On June 9, Kazakhstan will officially have its first new leader in three decades. This date marks Kazakhstan's presidential election, which was moved up by more than a year after long-serving President Nursultan Nazarbayev announced his resignation in March. Prior to resigning in March, Nazarbayev had led Kazakhstan since 1989, the entirety of the country's post-Soviet independence.
Kazakhstan is undergoing the first succession process in its post-Soviet history, one that is likely to begin smoothly but eventually encounter economic, political and foreign policy problems. This succession may challenge Kazakhstan's domestic stability and also reverberate in the global power strategies of key external players Russia and China, that are competing for influence in the country.
Nazarbayev's replacement is all but guaranteed to be acting President Kassym-Jomart Tokayev, who has already received Nazarbayev's endorsement and that of the ruling Nur Otan party to succeed him. Shifting to a new president will not be a difficult process thanks to Nazarbayev's clear intentions. But once Tokayev takes office, his challenges will really begin, including managing the complex internal balance of power that Nazarbayev has overseen for decades, guiding Kazakhstan through an economic slowdown and navigating the influential external powers of Russia and China.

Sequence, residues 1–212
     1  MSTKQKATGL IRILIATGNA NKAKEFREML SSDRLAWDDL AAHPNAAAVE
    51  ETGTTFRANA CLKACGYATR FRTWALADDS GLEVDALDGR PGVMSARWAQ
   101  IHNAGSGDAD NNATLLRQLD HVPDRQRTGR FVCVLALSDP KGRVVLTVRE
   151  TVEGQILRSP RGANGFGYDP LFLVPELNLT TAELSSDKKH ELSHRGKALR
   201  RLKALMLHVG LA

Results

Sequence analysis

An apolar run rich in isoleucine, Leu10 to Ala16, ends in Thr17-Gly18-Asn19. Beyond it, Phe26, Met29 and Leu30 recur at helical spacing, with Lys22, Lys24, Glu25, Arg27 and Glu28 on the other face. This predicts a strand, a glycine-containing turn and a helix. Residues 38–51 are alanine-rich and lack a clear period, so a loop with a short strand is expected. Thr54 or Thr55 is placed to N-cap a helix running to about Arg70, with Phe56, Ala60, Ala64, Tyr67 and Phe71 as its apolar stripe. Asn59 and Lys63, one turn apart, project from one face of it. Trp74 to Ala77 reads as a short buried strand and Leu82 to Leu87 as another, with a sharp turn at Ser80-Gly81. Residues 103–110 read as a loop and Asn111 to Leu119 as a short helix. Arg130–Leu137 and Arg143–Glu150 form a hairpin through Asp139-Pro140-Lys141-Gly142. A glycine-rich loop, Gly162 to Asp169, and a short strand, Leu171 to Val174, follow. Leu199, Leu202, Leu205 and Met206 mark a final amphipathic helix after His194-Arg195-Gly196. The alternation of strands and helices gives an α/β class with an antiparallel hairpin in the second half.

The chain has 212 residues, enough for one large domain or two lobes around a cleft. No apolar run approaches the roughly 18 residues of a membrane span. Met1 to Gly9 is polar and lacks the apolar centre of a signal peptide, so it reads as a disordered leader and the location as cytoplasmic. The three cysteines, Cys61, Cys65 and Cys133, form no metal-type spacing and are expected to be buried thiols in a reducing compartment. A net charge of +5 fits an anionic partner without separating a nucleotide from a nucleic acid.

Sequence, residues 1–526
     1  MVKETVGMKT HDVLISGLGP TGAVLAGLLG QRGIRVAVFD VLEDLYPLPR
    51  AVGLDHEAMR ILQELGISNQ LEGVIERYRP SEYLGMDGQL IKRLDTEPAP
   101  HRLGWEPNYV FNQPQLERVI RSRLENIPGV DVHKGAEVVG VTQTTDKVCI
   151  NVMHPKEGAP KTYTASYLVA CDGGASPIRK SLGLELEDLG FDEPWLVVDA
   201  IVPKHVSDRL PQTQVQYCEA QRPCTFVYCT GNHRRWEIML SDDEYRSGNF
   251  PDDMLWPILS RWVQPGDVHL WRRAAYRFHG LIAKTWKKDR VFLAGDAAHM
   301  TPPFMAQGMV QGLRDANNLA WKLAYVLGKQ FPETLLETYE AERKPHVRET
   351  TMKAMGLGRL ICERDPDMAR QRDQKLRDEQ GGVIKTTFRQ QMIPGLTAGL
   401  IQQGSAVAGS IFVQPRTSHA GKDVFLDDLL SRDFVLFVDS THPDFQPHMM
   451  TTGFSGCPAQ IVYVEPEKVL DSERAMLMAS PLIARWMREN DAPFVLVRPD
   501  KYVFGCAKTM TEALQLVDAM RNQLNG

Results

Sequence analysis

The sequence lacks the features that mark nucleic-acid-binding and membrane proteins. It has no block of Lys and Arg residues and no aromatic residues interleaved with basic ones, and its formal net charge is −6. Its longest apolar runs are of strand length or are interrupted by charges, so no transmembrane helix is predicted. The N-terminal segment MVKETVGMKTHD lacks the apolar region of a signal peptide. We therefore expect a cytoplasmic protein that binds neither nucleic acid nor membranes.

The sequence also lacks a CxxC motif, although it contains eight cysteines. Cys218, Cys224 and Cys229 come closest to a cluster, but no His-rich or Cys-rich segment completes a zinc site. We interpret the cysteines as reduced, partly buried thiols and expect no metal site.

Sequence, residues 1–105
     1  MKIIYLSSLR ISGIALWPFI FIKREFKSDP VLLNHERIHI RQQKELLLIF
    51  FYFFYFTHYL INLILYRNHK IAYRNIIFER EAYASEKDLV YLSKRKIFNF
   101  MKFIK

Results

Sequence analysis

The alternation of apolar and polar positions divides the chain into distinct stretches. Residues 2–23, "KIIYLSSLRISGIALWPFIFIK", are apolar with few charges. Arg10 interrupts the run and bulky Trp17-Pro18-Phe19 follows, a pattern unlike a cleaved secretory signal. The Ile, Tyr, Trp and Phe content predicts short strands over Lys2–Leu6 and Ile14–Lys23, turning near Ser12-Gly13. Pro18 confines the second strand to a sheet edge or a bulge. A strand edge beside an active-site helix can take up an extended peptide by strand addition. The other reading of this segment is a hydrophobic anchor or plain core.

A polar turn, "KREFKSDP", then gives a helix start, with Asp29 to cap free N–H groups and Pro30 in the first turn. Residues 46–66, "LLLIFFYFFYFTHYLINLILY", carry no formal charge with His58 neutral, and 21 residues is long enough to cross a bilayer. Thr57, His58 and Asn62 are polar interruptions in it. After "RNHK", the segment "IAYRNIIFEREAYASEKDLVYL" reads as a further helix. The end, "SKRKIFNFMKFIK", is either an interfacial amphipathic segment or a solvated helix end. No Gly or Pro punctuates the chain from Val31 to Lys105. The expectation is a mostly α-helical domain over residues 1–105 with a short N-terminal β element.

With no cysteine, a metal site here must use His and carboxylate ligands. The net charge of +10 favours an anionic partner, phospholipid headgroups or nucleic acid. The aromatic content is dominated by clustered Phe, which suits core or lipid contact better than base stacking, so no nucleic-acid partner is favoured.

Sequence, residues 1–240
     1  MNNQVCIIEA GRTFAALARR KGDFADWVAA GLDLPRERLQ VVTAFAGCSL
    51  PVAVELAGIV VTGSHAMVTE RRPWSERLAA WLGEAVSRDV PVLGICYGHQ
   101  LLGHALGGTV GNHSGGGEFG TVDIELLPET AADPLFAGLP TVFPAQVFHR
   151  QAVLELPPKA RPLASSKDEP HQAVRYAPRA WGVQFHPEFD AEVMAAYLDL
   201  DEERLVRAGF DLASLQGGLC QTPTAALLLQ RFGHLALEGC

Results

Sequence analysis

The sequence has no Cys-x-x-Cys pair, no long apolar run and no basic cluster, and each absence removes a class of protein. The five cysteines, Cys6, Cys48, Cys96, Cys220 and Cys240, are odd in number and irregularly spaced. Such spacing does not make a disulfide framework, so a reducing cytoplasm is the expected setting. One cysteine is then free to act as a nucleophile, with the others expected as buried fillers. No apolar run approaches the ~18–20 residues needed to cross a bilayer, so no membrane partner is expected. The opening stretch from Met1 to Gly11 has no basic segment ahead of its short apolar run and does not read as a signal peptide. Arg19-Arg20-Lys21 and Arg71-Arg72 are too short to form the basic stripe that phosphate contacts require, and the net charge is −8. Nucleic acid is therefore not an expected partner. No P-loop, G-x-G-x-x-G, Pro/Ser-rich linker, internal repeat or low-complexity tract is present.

Carrying on Nazarbayev's Legacy
A key task for Tokayev will be filling the tremendous shoes of Nazarbayev, who has been not only the sole president of post-Soviet Kazakhstan but also the founder of the modern Kazakh nation. Nazarbayev guided Kazakhstan from the late Soviet era through the economic and political turbulence of the 1990s and into the oil-fueled boom of the 2000s. Over that time, he oversaw significant gross domestic product (GDP) growth and living standard improvements (after the initial crash of the early independence years), and his government built Astana, a glitzy new capital in the northern Eurasian Steppe that replaced Almaty in 1997 and has since been renamed Nur-Sultan in honor of Nazarbayev.